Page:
Future of heavy-duty hydrogen trucks is promising

As the culmination of two years of work on the Innovating High Throughput Hydrogen Stations (IHS) Project, NREL researchers have successfully demonstrated high-flow-rate hydrogen fueling into a heavy-duty (HD) vehicle system at the Energy Systems Integration Facility as part of the Advanced Research on Integrated Energy Systems environment.

The accomplishment adds to U.S. Department of Energy (DOE) and industry goals for high-density fuel cell electric vehicles (FCEVs) and infrastructure, which supports decarbonization advances in the transportation sector. NREL has supported cutting-edge research on hydrogen fueling methods for light-duty FCEVs for well over a decade. However, HD trucks and machinery represent a whole different scale of endeavor.

“To design and build these first-of-its-kind systems, it’s a significant technical accomplishment,” said project leader Shaun Onorato. “This research is instrumental to characterizing hydrogen HD fueling and opens the door for new protocols that shape the future of decarbonized transportation.”

The IHS project, a cooperation with Air Liquide, Honda, Shell, and Toyota, tackles research issues and technology gaps in the development of high-flow-rate hydrogen fuelling systems, including applications for Class 8 semi-trucks, marine vessels, and rail and mining vehicles.

The project is partially supported by the Hydrogen and Fuel Cell Technologies Office of the Department of Energy in order to promote the H2@Scale goal for clean hydrogen across many applications and economic sectors. The ultimate objective is to compete with typical diesel vehicle refueling durations (about 10 minutes), which requires an ambitious hydrogen gas mass flow rate of 10 kg/min average (20 kg/min peak) based on a maximum onboard vehicle storage capacity of 100kg hydrogen gas. This pace is approximately 10 times the current average mass flow rate for FCEVs.

On April 26, 2022, the IHS team surpassed this mass flow rate target by exhibiting an average mass flow rate of 14 kg/min (highest mass flow rate of 21 kg/min) with a 40.3 kg fill into a bank of eight hydrogen storage tanks—similar to those used by HD vehicles—in 2.87 minutes. This intermediate milestone will pave the path for the project’s completion of a 60-80 kg fill in under 10 minutes at high mass flow rates, the final milestone.

Building a bigger hydrogen fuel system

To construct a brand-new hydrogen filling station, researchers used the Hydrogen Filling Simulation (H2FillS) model developed by NREL. H2FillS is a quick, versatile, and cost-free thermodynamic model that mimics the hydrogen delivery from a hydrogen station to a light-duty FCEV. In 2021, researchers made significant modifications to the H2FillS model to bring it in line with HD and IHS specifications. The current version of the model computes 20–40 times quicker than its predecessor, and the pressure ramp rate parameter has also been adjusted. In addition, H2FillS now investigates the entire hydrogen fuelling process in order to determine the appropriate filling rate for heavy-duty vehicles.

To analyze the temperature distribution within a vehicle’s hydrogen storage tanks (essential for creating novel fuelling methods), researchers used NREL’s supercomputer Eagle to conduct 3-D computational fluid dynamic modeling to identify possible hot spots and improve mixing properties. Throughout the course of the study, the team performed a number of full and partial fills using computational fluid dynamic modeling to investigate factors such as the impact of tank size, injector diameter, and injector angle on gas mixing. Researchers weighed these data with experimental testing to continue validating their method and enhancing H2FillS for HD applications.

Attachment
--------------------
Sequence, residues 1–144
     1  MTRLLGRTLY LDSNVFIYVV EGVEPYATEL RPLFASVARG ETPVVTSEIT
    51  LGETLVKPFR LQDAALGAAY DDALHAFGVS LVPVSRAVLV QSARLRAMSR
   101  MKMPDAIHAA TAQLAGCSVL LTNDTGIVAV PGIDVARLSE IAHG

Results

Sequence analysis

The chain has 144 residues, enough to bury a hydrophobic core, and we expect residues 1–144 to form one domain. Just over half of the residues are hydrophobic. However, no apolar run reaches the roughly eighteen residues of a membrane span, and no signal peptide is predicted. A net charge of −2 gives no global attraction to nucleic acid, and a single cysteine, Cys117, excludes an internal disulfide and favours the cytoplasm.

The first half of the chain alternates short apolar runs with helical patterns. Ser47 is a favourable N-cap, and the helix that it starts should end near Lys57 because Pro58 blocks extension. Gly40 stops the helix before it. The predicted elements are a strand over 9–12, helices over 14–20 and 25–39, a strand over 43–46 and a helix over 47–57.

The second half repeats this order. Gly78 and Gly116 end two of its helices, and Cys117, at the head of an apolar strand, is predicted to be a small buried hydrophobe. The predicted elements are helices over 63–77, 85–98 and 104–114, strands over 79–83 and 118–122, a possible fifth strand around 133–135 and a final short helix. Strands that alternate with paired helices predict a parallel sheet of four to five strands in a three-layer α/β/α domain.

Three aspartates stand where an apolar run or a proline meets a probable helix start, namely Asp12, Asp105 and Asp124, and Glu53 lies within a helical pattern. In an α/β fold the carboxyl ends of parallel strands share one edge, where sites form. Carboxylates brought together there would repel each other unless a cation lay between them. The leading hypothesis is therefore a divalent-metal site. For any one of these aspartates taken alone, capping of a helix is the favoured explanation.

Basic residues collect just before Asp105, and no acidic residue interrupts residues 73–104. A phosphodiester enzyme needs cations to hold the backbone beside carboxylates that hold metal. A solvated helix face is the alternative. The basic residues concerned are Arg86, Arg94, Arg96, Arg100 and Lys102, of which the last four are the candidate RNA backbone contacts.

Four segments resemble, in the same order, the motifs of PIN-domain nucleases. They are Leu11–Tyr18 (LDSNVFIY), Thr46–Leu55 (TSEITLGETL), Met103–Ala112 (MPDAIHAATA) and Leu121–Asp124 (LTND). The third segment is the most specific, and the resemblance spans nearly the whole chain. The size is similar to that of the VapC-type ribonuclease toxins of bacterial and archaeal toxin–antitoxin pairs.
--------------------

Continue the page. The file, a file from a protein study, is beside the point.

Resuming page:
This integrated procedure influenced the extension of the Energy Systems Integration Facility’s hydrogen infrastructure in order to establish a new research area for the installation and assessment of large-scale equipment. These improvements included a new concrete pad that was attached to the underlying bedrock to accommodate bigger research components having vibrational properties, such as hydrogen compression devices. To ensure compatibility with HD-FCEVs and trucks, researchers added 300 kg of additional high-pressure hydrogen stationary storage, designed and constructed new medium- and high-pressure gas management panels, an HD hydrogen fueling dispenser, a new hydrogen precooling system, and an HD vehicle storage simulation device.

New station heavy-duty capabilities

The demonstration of high-flow-rate hydrogen fueling by NREL paves the way for increased study into high-density (HD) hydrogen systems, including protocols for fueling (which do not exist at present) and safety, codes, and standards. As the first facility of its kind, NREL’s HD station enables researchers to evaluate hardware devices for HD hydrogen fueling—such as high flow rate nozzles, receptacles, hoses, and breakaways—at a controlled site to ensure the safety and reliability of these devices, which are not yet commercially available. Future partnerships will exploit the capabilities of the new station to aid in the development of HD-FCEV fueling infrastructure.

“We see a bright future for heavy-duty fuel cell vehicles, especially where companies are faced with complex logistics that demand tough duty cycles, long ranges, and fast refueling,” Onorato said. “This milestone signifies new opportunities to develop and validate best-practices for hydrogen fueling to support the adoption of heavy-duty fuel cell trucks.”

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